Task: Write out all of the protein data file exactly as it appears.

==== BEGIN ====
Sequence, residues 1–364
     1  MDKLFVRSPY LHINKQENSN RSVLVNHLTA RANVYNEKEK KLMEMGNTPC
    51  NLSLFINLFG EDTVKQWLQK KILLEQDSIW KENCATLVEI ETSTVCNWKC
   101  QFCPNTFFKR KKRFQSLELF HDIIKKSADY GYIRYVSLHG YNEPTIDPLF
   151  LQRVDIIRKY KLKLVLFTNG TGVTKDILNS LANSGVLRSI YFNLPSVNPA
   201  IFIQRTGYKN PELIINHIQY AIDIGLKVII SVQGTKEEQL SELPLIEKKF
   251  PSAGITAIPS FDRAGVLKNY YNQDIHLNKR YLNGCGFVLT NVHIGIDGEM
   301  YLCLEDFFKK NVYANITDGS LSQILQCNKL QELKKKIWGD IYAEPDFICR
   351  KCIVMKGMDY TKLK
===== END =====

Sequence, residues 1–364
     1  MDKLFVRSPY LHINKQENSN RSVLVNHLTA RANVYNEKEK KLMEMGNTPC
    51  NLSLFINLFG EDTVKQWLQK KILLEQDSIW KENCATLVEI ETSTVCNWKC
   101  QFCPNTFFKR KKRFQSLELF HDIIKKSADY GYIRYVSLHG YNEPTIDPLF
   151  LQRVDIIRKY KLKLVLFTNG TGVTKDILNS LANSGVLRSI YFNLPSVNPA
   201  IFIQRTGYKN PELIINHIQY AIDIGLKVII SVQGTKEEQL SELPLIEKKF
   251  PSAGITAIPS FDRAGVLKNY YNQDIHLNKR YLNGCGFVLT NVHIGIDGEM
   301  YLCLEDFFKK NVYANITDGS LSQILQCNKL QELKKKIWGD IYAEPDFICR
   351  KCIVMKGMDY TKLK